ditions of the craft from the date of the Empire. Besides making pastes of smalts, exact
counterfeits of the true gems, they converted the commoner stones into
others of the most precious kinds, by such ingenious processes as that
of cutting a Garnet very thin and backing it with Crystal to pass for a Ruby ; an Amethyst hollowed out and filled with a coloured tincture
imitated the Balais, which was also counterfeited by a thin table of
the former laid upon a ruby-foil. Diamonds they forged by cutting the
Beryl or the White Sapphire to the proper shape (a pyramid), and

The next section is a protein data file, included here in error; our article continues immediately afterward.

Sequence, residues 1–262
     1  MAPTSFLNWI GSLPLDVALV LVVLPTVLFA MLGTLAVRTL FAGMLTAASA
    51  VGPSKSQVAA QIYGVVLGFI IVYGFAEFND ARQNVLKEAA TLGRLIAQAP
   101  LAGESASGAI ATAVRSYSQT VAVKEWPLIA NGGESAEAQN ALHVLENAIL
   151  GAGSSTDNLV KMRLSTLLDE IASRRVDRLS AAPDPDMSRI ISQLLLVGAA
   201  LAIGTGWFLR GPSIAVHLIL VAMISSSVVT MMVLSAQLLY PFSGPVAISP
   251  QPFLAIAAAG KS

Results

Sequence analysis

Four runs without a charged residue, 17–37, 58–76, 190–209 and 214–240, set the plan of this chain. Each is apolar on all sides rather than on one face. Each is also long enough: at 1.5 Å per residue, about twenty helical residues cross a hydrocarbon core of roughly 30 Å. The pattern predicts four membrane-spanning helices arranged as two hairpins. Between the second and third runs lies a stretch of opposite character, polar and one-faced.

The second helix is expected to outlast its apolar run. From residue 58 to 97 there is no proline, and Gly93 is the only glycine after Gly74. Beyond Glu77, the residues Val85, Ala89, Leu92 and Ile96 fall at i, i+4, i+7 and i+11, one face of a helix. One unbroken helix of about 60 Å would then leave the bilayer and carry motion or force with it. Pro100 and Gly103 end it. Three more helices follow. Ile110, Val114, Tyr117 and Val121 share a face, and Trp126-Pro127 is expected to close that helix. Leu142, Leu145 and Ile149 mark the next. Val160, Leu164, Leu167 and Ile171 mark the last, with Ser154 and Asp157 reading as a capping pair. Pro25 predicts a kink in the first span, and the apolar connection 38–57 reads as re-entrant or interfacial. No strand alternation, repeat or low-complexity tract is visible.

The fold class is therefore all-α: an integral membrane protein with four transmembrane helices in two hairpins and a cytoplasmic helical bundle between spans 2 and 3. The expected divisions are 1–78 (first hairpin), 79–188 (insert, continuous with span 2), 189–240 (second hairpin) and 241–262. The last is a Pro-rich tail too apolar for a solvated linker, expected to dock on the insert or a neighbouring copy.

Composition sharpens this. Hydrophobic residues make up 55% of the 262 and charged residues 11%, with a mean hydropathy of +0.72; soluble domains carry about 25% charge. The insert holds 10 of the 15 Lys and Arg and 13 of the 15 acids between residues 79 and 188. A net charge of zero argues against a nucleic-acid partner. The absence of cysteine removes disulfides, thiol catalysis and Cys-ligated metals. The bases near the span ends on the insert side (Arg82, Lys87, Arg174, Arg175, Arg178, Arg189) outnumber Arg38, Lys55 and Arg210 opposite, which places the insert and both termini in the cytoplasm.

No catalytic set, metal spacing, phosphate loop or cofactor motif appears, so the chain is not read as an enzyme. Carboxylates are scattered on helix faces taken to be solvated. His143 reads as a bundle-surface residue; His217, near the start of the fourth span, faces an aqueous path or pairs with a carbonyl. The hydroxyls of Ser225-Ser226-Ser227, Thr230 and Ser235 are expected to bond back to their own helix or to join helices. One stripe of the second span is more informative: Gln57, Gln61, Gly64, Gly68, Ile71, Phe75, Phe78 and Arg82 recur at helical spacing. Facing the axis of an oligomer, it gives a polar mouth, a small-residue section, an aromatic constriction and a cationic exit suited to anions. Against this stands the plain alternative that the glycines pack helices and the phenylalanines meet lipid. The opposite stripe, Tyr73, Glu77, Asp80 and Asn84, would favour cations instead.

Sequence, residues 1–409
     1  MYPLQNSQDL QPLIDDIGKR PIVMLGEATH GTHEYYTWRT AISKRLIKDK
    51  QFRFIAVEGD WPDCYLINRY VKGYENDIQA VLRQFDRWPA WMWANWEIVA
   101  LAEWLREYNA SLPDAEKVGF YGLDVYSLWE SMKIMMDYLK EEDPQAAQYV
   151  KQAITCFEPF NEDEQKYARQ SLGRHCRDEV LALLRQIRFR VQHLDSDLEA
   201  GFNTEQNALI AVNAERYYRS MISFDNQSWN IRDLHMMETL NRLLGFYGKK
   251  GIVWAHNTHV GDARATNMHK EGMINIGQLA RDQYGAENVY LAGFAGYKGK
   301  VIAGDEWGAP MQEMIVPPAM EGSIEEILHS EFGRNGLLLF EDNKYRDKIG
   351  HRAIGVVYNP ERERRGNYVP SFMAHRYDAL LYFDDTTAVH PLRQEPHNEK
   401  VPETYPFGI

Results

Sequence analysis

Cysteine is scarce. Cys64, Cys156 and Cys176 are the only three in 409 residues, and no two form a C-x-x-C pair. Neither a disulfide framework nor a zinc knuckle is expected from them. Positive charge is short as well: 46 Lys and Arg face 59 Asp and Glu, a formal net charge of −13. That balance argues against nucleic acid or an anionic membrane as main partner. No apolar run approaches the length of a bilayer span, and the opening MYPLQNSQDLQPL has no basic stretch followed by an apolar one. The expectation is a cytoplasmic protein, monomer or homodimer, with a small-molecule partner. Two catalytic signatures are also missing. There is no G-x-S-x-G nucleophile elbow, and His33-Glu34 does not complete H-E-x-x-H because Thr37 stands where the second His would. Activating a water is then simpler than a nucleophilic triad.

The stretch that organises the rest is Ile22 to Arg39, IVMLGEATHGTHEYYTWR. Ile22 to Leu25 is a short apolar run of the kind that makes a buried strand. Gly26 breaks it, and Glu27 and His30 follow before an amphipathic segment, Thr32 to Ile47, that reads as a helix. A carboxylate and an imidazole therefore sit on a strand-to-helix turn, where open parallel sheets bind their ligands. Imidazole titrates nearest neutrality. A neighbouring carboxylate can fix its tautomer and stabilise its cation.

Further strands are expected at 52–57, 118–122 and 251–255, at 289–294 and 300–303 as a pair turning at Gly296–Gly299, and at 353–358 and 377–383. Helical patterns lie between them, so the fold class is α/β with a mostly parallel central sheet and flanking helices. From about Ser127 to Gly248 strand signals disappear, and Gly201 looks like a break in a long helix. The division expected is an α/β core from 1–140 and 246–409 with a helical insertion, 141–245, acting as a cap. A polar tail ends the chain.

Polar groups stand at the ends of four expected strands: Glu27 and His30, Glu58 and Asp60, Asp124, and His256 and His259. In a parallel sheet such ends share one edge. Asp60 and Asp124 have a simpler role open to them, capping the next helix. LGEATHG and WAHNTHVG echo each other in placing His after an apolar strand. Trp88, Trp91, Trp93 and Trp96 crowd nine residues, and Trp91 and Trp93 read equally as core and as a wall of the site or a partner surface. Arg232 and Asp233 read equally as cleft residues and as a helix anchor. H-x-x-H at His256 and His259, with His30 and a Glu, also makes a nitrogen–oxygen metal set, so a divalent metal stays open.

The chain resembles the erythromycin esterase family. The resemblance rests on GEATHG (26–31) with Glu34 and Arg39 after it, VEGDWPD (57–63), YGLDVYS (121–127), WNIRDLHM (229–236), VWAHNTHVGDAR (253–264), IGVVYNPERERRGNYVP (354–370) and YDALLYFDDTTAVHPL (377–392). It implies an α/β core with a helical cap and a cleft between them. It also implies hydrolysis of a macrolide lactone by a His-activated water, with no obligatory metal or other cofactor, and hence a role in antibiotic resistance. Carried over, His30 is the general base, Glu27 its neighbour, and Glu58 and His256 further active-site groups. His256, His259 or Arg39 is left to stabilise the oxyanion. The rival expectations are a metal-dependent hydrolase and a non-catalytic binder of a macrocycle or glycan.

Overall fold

backing them with the customary tincture. To explain the latter term,
it must be borne in mind that formerly the Diamond was always coloured
black upon the ciblasse, with a certain composition, on the
proper nature of which Cellini treats at great length in his '
Orefeceria,' as being of the utmost importance to the effect of the
gem. In order to escape the test of the file, which no paste can
endure, these early Italian forgers imitated above all the rest the Emerald and the Peridot, for, these gems being but little superior in hardness to pastes, such a means of detection could not be applied to them.
it has been remarked above that no antique intagli in this stone are
known to exist, yet there is an epigram by Diodorus (Anth. ix. 776)—"
Upon an engraved Crystal."